In front of about 80 people at the Oakmont Country Club, nearly all of the candidates said they would support changes to the city's pension system. Several suggested increasing the retirement age as well as reducing the percentage of one's salary collected at retirement.
Even former city employees supported changes, despite the pension reform the city has already undergone. In 2010, when rank-and-file employees wouldn't accept suggested changes to their contract, the City Council voted to trim salaries by 1.5%.
Ex-Neighborhood Services Administrator Sam Engel said while he's a strong believer in defined pension benefit plans, the current state of California's public pension system has caused “tremendous problems for the city.”
“In the public sector we need to bring those benefits under control,” he said, adding that rising healthcare costs need to be reined in.
Incumbents Laura Friedman and Ara Najarian have both supported a two-tier pension system that increased the retirement age for new employees and have asked employees to contribute more toward retirement benefits since 2009.
Both incumbents said they still plan to accept union contributions and endorsements, but that won't influence them when it comes to future contract negotiations. They both said they've been endorsed by the police and fire unions. Najarian said he championed campaign finance reform that limited union contributions to $1,000.
Other candidates said they would accept union support and several, including attorney Zareh Sinanyan and systems analyst Herbert Molano, want the endorsement of the Glendale Teachers Assn. Even City Hall critic Mike Mohill — who often rails against unions — said he'd accept their money, under certain circumstances.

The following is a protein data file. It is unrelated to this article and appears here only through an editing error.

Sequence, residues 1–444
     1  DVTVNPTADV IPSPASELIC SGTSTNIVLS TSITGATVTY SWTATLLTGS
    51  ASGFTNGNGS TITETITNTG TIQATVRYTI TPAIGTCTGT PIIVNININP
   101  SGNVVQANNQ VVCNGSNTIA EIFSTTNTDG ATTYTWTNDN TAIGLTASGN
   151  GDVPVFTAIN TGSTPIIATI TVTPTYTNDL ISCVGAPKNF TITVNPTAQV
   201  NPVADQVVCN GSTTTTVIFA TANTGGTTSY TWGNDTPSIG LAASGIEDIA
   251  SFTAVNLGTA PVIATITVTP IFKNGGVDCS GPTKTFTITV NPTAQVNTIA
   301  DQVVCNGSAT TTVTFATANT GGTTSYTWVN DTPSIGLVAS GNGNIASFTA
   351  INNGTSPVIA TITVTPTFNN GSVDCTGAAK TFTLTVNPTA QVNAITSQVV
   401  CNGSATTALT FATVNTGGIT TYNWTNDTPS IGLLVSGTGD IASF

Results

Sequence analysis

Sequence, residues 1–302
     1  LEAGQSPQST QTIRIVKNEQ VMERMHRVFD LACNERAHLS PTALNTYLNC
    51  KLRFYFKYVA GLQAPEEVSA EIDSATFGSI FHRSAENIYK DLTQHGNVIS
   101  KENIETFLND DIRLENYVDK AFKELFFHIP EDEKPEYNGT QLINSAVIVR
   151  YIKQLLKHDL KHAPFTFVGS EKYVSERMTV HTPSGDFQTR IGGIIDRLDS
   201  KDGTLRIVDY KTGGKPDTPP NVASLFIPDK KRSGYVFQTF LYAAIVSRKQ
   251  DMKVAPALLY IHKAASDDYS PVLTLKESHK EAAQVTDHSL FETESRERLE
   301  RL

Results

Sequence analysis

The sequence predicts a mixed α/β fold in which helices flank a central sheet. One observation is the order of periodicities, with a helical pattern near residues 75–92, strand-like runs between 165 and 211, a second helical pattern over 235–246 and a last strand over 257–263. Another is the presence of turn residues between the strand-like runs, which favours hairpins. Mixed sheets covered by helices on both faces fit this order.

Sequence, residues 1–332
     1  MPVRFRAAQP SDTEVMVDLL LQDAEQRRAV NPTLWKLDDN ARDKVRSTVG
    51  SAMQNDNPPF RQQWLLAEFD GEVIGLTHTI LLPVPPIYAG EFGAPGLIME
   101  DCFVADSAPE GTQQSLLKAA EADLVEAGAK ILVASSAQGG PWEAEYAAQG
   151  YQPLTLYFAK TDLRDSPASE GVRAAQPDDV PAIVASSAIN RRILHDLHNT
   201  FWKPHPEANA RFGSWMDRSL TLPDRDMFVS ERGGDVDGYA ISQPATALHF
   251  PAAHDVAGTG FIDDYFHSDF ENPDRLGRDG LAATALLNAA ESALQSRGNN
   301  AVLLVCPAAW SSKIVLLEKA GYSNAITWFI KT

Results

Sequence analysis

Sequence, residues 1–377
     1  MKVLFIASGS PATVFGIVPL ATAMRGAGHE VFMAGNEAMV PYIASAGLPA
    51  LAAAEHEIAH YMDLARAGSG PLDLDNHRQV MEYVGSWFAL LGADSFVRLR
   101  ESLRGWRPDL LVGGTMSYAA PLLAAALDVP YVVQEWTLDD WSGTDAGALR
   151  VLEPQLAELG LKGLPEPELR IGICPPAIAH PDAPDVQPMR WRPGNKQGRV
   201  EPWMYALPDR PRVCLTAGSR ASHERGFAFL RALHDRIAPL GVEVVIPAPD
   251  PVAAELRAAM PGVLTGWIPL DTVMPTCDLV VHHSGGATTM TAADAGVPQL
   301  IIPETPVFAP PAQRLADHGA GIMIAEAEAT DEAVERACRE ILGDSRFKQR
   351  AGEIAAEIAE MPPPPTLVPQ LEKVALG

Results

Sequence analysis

While most approved of pension reform, the issues of electricity rates and a controversial multimillion-dollar transfer from Glendale Water & Power split the candidates.
Engel, Najarian and Friedman all said they supported the transfer, which puts about $21 million of utility money into the General Fund, which pays for police and other public services. Contenders opposed it, noting that council members continued to transfer millions even when Glendale Water & Power didn't have the funds for its own capital improvements.
The council voted to increase water rates last year because the water side of the utility was deep in the red. After the election, the council is slated to be asked to do the same for electricity rates.
“The city has been using GWP as a cash cow,” said Molano, a frequent council critic.
In addition to electricity rates, the new council members will be faced with approving a budget. For several years, Glendale has faced yawning budget gaps.
Incumbents said after cutting to the bone in July, there's not much more to trim. Ex-Zoning Administrator Edith Fuentes and Sinanyan said the city needs to focus on attracting more businesses to grow revenue streams.
While bankruptcy attorney Roland Kedikian agreed, he blamed past councils for Glendale's financial hardships. Last year the city slashed about 120 positions.
“The City Council's job is to plan,” he said. “Why did we get here? Why did we have to cut so many, so late?”